Report from “Developing a Blended Learning Skills Programme” workshop



Emma Woods, CILIP IL Group Marketing Officer and an Information Consultant at Royal Holloway, gives her thoughts on the Developing a Blended Learning Skills Programme workshop, held at CILIP on 26th March 2015. This workshop was organised by the CILIP IL Group and run by Jade Kelsall and Jennie Blake from the University of Manchester.


I was delighted to be able to attend this event, having heard the rave reviews from when it was held in Manchester. Jade and Jennie did not disappoint!

After a brief talk from myself on why to join the CILIP IL Group, Jennie kicked things off by asking what we wanted to gain from the day. After a few moments of silence, quite a few suggestions were made.

At Manchester they run both face-to-face workshops (organised by Jennie and delivered by around 60 members of staff) and offer a suite of around 40 online resources,  which Jade has been developing since taking up her post. These are branded as My Learning Essentials and cover a range of skills, including academic writing, reference management and team work. The aim of these is to make students independent by changing their expectations. Before, many students were relying too heavily on 1-2-1 training from the Library, which was very demanding on staff time. During induction, librarians can push towards the online resources, and then students can decide whether to supplement their learning by attending a workshop. The content in the online resources and the workshops does not overlap.

Jennie talked about the process they go through to decide whether to make a new online resource. From identifying a need (from student/academic feedback and the most popular courses), to review (is there sufficient need?, is it appropriate for online delivery?) to developing the new resource. I thought this was very interesting, as there can be a temptation to put anything online, particularly if it’s popular. However, it’s important to stop and think if it’s appropriate for that topic or whether a face to face workshop is the better method of delivery.

In our table groups, we were asked to think of a topic we would like to run a session on and to come up with a learning objective. My table chose keywords. We were asked to consider the following:

  1. What do you want them to DO, and in what CONTEXT?
  2. What do you want them to KNOW to enable that?
  3. How do you want them to FEEL about what they do?

Jennie suggested it sometimes helps to start with 2. This section is where students can pick up transferable skills but developers need to bear in mind that many will need permission to use these skills somewhere else. It’s therefore vital to build in time for reflection.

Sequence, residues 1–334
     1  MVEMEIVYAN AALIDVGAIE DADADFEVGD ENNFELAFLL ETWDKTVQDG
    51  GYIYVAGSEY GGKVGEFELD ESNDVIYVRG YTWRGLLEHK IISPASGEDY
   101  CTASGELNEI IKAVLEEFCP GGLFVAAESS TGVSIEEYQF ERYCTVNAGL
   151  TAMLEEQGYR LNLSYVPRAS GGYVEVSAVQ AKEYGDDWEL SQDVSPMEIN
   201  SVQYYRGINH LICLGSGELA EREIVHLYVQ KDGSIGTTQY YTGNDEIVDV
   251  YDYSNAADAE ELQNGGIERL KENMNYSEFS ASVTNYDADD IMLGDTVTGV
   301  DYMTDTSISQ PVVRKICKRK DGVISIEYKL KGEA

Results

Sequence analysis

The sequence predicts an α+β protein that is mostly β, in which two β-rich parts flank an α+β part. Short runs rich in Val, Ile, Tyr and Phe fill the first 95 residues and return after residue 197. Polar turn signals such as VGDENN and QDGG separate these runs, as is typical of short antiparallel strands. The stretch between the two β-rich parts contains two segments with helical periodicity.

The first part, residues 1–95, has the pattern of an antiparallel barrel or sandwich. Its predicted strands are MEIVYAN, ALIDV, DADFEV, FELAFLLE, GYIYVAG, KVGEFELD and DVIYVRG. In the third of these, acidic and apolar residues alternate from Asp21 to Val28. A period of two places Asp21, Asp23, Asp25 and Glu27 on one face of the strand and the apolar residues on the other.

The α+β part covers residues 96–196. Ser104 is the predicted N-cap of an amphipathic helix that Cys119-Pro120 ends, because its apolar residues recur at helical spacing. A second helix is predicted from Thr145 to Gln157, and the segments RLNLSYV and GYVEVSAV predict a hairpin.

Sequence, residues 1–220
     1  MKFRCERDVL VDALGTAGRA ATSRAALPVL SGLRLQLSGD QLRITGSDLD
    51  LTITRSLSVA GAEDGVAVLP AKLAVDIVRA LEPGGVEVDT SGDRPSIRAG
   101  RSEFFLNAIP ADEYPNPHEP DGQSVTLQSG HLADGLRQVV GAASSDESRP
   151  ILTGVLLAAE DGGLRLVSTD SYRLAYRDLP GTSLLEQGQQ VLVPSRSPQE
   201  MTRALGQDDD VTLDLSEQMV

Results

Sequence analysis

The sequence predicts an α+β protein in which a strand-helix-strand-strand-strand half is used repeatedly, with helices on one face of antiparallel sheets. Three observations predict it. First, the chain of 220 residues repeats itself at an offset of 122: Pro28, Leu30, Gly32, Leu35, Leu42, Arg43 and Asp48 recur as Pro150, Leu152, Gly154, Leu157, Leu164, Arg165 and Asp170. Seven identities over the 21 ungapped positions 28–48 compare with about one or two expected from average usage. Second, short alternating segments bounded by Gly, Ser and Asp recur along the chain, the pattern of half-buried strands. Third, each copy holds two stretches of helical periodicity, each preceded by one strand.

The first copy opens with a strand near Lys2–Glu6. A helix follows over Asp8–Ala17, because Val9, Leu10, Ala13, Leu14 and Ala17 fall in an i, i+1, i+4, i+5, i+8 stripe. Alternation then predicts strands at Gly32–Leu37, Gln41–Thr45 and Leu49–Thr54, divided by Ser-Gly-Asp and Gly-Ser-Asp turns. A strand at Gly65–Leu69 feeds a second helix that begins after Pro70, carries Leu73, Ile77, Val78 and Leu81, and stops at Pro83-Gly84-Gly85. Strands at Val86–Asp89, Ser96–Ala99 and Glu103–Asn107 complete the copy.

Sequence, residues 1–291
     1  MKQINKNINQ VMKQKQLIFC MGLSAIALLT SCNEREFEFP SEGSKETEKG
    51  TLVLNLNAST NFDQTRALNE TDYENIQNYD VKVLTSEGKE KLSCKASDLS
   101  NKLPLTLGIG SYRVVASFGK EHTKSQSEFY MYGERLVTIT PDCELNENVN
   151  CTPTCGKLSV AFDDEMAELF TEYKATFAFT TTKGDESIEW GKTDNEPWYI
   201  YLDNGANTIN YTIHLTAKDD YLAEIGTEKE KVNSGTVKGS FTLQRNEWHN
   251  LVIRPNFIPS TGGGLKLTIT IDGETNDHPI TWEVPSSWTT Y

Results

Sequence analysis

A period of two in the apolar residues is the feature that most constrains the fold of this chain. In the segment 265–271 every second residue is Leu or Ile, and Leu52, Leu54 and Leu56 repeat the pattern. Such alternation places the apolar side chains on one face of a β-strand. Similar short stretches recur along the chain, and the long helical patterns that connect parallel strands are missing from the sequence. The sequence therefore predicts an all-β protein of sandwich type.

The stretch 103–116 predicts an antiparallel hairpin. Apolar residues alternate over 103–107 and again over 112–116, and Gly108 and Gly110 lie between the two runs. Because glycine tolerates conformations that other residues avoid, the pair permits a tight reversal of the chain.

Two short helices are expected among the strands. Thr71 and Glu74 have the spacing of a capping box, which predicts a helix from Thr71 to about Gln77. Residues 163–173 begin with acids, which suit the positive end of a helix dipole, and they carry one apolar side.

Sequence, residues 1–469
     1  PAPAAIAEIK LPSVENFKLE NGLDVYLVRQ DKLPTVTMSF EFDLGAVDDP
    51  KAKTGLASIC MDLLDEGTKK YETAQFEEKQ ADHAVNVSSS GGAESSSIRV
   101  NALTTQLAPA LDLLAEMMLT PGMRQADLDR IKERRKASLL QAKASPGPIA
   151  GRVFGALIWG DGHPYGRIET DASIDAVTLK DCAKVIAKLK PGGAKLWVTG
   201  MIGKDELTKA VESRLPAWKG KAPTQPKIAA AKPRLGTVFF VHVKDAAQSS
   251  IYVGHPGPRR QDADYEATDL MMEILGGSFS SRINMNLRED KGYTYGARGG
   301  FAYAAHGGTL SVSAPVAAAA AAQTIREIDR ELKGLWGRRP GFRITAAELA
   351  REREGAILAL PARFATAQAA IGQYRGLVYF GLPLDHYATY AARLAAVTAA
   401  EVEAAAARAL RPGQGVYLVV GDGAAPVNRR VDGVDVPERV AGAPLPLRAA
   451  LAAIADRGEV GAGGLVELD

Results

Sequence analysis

The next stage is the lesson plan and again we worked on this in our groups. The most helpful tip I gained from this was to tag the lesson plan – if you have too many tags, that’s a sign you’re trying to do too much in the time available! In relation to the activities, it’s helpful to consider:

  1. Which learning objective is this topic addressing?
  2. How important is this topic?
  3. What activity is appropriate for this topic in the time available?
  4. How does the activity connect to the next thing?

The next stage is to create a storyboard. After this is completed, the online resource can be developed, which usually takes a lot less time than the planning stage. At Manchester, they have a quality assurance process, whereby 2 people look at the resource, at least one of whom has had no prior input.

I thought their way of getting workshop feedback sounds good. At the end of the workshop they ask “impact questions” – how useful students found it and how they will apply what they’ve learnt. Then a more evaluative questionnaire is sent out.

I really liked the way Jennie used her teaching tips on us, for example:

  • Instead of shouting “quiet please” to a large room, just ask the people closest “can I have your attention please?” a few times and when they go quiet this spreads throughout the room.
  • Don’t be afraid of interrupting discussion – this is a sign that things are going well.
  • Use an unexpected number of minutes for class activates (e.g. 3 minutes instead of 5) – this keeps people engaged.

I clearly haven’t done Jade and Jennie’s session justice in this short report but if they run this training again, I strongly urge you to attend! It’s certainly given me plenty of food for thought, as well as increased determination to work more closely with colleagues outside the library in developing online resources and workshops that truly join up so that students have one place to find what they need.

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